by JK Clarke
At some point in a long list of accolades, the Public Theater’s Mobile Unit should be singled out for consistently turning out first rate, accessible—albeit stripped down—productions of William Shakespeare’s plays. Their latest offering, the complicated and often frustratingly meandering melodrama The Winter’s Tale, is yet another demonstration of their expertise. Following their seemingly insurmountably excellent Twelfth Night last spring, this Winter’s Tale is clear, sharp and precise. It’s a beautifully edited version of the play that allows its plot points to surface clearly for its touring audience, largely made up of people who’ve not only never been to a Shakespeare play, but have never seen live theater period.
In its productions back on home turf at the Public Theater, Stephanie Ybarra (who helms the Mobile Unit)traditionally introduces the play and the program to the audience, explaining its charter (in essence: bringing Shakespeare to the people) and discussing reactions from various audience members while the play was on the road. One Rikers inmate this year poetically described the production as “drawing a clear glass of water from a muddy well.” An apt simile, for both the production and the program itself.
Though The Winter’s Tale, whose etymology in Elizabethan English suggests a happily ended story with an unrealistic plot, Mamillius, the doomed son of Leontes, King of Sicilia, points out that “a sad tale’s best for winter.” This play is both (though Mamillius’ portion is indeed sad). As written, the story is devastatingly tragic in the first act and absurdly joyous and optimistic in the second. But director Lee Sunday Evans has wisely (and necessarily, for time) excised some of the more superfluous sections of the second act, which already features an abundance of new characters. Gone, in particular, is the “comic” relief of Autolycus, a peddler/con man; while his speeches and songs are notable from a literary standpoint, they do little to add to the play’s clarity and much to add to its length. Consequently, the second act here functions to resolve the problems created by the first. Personally, I find it makes for a far more palatable play.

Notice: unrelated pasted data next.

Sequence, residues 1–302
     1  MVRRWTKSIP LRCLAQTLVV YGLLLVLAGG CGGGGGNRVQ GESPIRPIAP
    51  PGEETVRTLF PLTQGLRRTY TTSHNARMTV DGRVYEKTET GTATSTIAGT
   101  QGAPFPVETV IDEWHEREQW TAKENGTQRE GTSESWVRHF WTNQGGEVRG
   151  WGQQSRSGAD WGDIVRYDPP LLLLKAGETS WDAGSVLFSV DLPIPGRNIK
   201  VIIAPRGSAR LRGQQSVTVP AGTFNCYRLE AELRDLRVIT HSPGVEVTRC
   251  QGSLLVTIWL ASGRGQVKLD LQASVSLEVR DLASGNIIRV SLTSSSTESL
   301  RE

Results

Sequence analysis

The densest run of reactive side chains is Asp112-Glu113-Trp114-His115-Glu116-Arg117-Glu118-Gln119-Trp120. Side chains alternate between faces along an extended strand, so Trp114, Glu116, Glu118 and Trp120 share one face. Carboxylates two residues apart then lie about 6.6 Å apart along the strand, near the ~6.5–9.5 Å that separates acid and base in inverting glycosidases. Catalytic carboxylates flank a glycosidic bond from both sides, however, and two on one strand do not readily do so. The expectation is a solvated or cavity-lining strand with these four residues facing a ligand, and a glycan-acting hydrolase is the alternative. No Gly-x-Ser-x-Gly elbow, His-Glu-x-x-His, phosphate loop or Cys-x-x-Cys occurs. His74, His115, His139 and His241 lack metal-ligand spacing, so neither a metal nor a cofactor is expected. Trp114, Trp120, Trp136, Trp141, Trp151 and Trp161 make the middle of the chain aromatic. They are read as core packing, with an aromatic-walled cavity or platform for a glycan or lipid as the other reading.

The chief themes of this production, then, become madness, jealousy and redemption. At the play’s opening Leontes (Justin Cunningham, whose calm and seeming benevolence belies a sociopathy in his character) suddenly accuses his wife Hermione (Stacey Yen, who embodies royal grace) of infidelity with his lifelong bosom buddy Polixenes (Nicholas Hoge), King of Bohemia (who’s prone to wearing bolo ties and cowboy boots with jeans, so you can maybe see why Leontes suspected him of something). In a fit of absolute madness he jails nine-months pregnant Hermione and hires an assassin to kill Polixenes.
But karma is swift. Polixenes escapes and not long after the Oracle from Delphi exonerates Hermione (a judgment foolishly rejected by Leontes); his son Mamillius (hauntingly acted by a puppet (gorgeously designed by James Ortiz) and handled by Chris Myers, who later plays Polixenes’ son Florizel) dies suddenly, as does Hermione; and shortly thereafter her newborn daughter is spirited away to a foreign land.
That foreign land is, conveniently, Bohemia, and the nobleman who brings the princess, Perdita (Ayana Workman) there is conveniently dispatched in Shakespeare’s most famous stage direction: Exit, Pursued By a Bear. Said bear, a large and dramatic likeness, is rendered by a multi-personed puppet, some for hands, legs and a last for the grizzly head. Fast forward sixteen years and lo and behold Perdita, who has been raised by bumbling but kindly shepherds, has met and fallen in love with Florizel (just in case you had any doubt that royal lineage was pre-ordained). But it’s a forbidden love because his father the king has no idea she’s anything but a peasant. So they elope to . . . Sicilia. Conveniently, sixteen years after his temporary, and apparently non-recurring bout with madness, Polixenes is living an almost monastic life of remorse. But Hermione’s lady-in-waiting, Paulina (Patrena Murray), has a surprise in store for the king. Turns out fate has one in store for her, too, and the kids (notably the “lost” princess) show up with the Bohemian king hot on their tail. Everything all comes together for a lot of hugs, “sorrys” and a whopper of a scarcely believable surprise at the end. How this play wasn’t called “All’s Well That Ends Well” can only be because there was already one with that name.
The Winter’s Tale may not be one Shakespeare’s greatest works, but for many it is a favorite. Such a high arc of melodrama has its appeal; and Evans, along with the cast, make it even more compelling. With short, choreographed songs linking scenes (such as the poignant, “There’s some ill planet that reigns . . .”) the mood and drama are effectively heightened so that when the tension finally breaks the relief is palpable. It’s likely the surprise ending will moisten a few cheeks with a happy tear or two, as well. It’s just another sign that the Mobile Unit has once again brought Shakespeare to a new and appreciative audience, some of whom may be forever altered by the experience. And that’s as happy an ending as one can hope for.
The Winter’s Tale. Through December 17 at the Public Theater (425 Lafayette, at Astor Place, Greenwich Village).100 minutes, no intermisison. www.publictheater.org
Photos: Carol Rosegg